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    Auricular deformities (Microtia) can cause physical, social as well as psychological impacts on a patient's wellbeing. Biofabrication of a complex structure such as ear pinna is not precise with currently available techniques. These limitations can be overcome with the help of tissue engineering. In this article, the authors presented molding and three dimensional (3D) printing to generate a flexible, human size ear pinna. The decellularization of goat ear cartilage protocol and bioink alkaline digestion protocol was followed to yield complete removal of all cellular components without changing the properties of the Extra Cellular Matrix (ECM). Decellularized scaffold used in molding technology and 3D printing technology Computer-Aided Design /Stereolithography (CAD/STL) uses bioink to construct the patient-specific ear. In vivo biocompatibility of the both ear pinnae showed demonstrable recellularization. Histology and scanning electron microscopy analysis revealed the recellularization of cartilage-specific cells and the development of ECM in molded and 3D printed ear pinna after transplantation. Both the techniques provided ideal results for mechanical properties such as elasticity. Vascular Associated Protein expression revealed specific vasculogenic pattern (angiogenesis) in transplanted molded pinna. Chondrocyte specific progenitor cells express CD90+ which highlighted newly developed chondrocytes in both the grafts which indicated that the xenograft was accepted by the rat. Transplantation of molded as well as 3D ear pinna was successful in an animal model and can be available for clinical treatments as a medical object to cure auricular deformities.© 2022. The Author(s), under exclusive licence to Springer Nature B.V.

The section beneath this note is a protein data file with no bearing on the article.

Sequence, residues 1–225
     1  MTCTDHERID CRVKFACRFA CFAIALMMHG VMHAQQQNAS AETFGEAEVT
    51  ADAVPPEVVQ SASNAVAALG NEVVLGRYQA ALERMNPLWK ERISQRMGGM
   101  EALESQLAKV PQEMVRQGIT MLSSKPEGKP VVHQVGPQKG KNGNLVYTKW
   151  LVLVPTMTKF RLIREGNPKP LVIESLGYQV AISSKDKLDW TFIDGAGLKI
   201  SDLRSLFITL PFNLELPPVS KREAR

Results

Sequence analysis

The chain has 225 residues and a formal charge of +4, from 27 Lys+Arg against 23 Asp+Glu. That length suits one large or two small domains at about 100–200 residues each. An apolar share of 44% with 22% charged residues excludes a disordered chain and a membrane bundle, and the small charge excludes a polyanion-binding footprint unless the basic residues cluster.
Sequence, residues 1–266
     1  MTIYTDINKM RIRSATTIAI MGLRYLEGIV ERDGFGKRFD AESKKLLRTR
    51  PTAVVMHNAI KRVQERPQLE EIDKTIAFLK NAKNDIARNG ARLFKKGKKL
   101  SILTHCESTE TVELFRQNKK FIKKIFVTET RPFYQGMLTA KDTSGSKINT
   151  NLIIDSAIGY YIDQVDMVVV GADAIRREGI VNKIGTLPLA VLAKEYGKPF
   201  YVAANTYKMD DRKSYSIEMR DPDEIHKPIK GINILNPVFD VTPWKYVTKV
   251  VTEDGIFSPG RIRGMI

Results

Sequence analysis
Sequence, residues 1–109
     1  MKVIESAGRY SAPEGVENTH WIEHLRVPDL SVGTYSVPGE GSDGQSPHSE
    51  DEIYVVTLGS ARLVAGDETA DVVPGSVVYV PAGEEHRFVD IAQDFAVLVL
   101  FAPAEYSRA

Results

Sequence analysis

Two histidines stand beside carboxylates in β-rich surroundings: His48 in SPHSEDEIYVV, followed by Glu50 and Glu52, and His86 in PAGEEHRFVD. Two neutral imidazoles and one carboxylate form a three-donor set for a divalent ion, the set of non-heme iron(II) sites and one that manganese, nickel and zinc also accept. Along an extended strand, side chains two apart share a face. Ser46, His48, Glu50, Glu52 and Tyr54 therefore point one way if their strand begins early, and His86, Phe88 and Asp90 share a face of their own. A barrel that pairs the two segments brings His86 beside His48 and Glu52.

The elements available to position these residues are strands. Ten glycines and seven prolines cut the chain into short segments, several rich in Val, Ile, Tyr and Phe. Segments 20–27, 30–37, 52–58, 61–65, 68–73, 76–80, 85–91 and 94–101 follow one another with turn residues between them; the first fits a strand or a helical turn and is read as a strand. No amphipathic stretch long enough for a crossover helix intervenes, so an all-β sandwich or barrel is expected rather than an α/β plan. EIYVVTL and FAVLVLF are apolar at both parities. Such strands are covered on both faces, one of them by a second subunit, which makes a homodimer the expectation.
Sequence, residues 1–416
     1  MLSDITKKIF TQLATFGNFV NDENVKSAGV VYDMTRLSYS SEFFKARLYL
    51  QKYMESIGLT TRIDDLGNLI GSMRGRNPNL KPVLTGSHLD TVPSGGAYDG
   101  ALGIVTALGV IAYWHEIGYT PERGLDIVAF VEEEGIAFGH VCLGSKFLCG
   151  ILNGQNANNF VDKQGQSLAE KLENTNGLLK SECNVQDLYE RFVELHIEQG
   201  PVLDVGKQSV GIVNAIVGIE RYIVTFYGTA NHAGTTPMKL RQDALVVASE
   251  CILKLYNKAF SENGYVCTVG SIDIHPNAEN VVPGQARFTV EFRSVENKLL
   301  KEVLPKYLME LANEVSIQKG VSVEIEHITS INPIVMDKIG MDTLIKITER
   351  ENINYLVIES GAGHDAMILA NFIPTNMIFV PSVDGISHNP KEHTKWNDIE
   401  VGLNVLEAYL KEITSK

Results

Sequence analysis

Nilesh Bhamare, Kishor Tardalkar, Archana Khadilkar, Pratima Parulekar, Meghnad G Joshi. Tissue engineering of human ear pinna. Cell and tissue banking. 2022 Feb 01

    PMID: 35103863

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